We cannot tip-toe around this subject: It is time to ban weapons from protests and rallies.
Public safety is at stake. Police cannot adequately monitor potentially incendiary gatherings, with rhetoric running long and tempers spiking high, when participants are brandishing guns and rifles. And for multiple reasons, the zeitgeist in the country right now is compelling throngs of citizens with varying ideals and beliefs to protest.
We firmly support the rights set forth in the First Amendment for freedom of speech and for “the people peaceably to assemble.” This means all people, not just the ones whose views align with ours.
After the violence in Charlottesville on Aug. 12, calls have been made to restrict hate groups such as the white supremacists from publicly protesting. That would be wrong. It would only serve to send their vile messages underground to fester and would be counter to the ideals of free speech and of assembly.
The answer to hate speech is more speech. That is how hundreds of thousands of people responded last weekend in rallies from Boston to Portland, Oregon, spurred by what happened in Virginia over the removal of a statue of Confederate Gen. Robert E. Lee from a public park.
Would banning the carrying of weapons — whatever can’t be brought on a plane — from protests equal the collision of two rights? No. The First Amendment rights of free speech and of peaceable assembly coexist with the Second Amendment right to carry arms. We support both rights.
But reasonable restrictions must be made for public safety and the protection of “peaceable” assembly. Municipalities issue permits for rallies and protests and already regulate aspects, such as where the groups can gather. Stipulating that weapons are not allowed would be part of the local permit requirements.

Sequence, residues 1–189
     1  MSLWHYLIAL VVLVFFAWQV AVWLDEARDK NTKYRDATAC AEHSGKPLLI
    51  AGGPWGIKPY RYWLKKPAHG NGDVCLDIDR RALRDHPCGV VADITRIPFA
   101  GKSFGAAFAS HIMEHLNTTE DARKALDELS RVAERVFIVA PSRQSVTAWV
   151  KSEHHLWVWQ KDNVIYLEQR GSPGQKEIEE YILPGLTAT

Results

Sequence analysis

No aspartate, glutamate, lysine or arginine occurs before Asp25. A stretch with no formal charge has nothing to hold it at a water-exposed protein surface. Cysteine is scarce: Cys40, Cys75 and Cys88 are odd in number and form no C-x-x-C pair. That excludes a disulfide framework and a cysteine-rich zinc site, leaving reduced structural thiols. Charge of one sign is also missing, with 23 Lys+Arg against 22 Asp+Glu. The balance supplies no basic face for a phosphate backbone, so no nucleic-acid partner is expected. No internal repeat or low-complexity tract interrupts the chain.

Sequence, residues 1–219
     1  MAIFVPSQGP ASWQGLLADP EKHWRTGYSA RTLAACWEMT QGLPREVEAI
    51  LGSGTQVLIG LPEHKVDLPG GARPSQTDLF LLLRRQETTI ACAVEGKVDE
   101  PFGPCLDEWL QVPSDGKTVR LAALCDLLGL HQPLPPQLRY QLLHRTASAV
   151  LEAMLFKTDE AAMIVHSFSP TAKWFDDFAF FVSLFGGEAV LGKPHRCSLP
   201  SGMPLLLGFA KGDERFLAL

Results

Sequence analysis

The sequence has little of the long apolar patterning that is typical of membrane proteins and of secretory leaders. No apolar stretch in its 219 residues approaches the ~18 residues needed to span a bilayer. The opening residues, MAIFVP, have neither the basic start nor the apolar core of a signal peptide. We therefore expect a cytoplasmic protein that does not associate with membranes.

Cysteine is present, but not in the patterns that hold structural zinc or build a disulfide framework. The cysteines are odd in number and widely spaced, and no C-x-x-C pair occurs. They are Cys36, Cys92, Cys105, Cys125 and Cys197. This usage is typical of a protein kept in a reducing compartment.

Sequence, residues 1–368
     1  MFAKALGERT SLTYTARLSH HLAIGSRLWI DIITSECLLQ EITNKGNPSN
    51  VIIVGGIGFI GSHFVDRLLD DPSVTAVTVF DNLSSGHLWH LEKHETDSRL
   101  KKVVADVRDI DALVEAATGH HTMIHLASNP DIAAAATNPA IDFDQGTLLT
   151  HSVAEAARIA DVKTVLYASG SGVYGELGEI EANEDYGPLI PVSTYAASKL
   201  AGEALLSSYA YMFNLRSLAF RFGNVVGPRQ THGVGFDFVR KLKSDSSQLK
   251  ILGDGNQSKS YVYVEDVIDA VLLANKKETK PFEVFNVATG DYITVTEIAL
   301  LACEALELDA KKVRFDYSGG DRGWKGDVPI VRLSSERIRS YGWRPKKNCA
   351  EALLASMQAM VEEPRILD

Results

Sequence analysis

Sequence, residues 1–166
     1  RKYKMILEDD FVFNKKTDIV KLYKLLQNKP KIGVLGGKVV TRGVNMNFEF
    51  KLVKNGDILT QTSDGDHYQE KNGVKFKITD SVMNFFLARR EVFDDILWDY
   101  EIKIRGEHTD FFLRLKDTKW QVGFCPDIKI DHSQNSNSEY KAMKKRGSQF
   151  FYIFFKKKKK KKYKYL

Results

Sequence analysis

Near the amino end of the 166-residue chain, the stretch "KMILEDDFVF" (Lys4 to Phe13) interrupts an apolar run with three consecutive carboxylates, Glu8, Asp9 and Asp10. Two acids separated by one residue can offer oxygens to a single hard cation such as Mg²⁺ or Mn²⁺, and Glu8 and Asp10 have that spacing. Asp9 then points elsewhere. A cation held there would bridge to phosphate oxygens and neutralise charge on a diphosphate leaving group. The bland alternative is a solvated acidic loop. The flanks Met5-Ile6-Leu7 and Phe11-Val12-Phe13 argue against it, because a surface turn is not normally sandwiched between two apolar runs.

Weapons can be used for threatening and intimidating, as evidenced in photos of neo-Nazis and self-appointed militias waving guns at the Charlottesville demonstrations. Their presence can further inflame heightened emotions.
Though the violence of two weeks ago in which one counter-protester, Heather Heyer, was killed and 19 others injured is foremost, there are other instances that underlie the need to ban weapons at these public gatherings. When President Donald Trump spoke at a rally organized by his re-election committee in Phoenix last Monday, for example, a supporter from Tucson came “armed with a .357-caliber gun to defend Trump supporters if things got out of hand,” the Washington Post reported. Can you imagine the melee if the supporter had thought things were “out of hand” and started shooting? Protection belongs in the trained hands of security.
Given the atmosphere in the country right now, this issue will not dissipate as quickly as summer’s humidity.
Next month, a “Dixie Freedom Rally,” aimed at promoting the “true Confederate heritage,” is planned for Austin, Texas. Undoubtedly, there will be more.
We defend the right to rally as a form of free speech, but to protect the right to peaceably assemble, weapons must be restricted.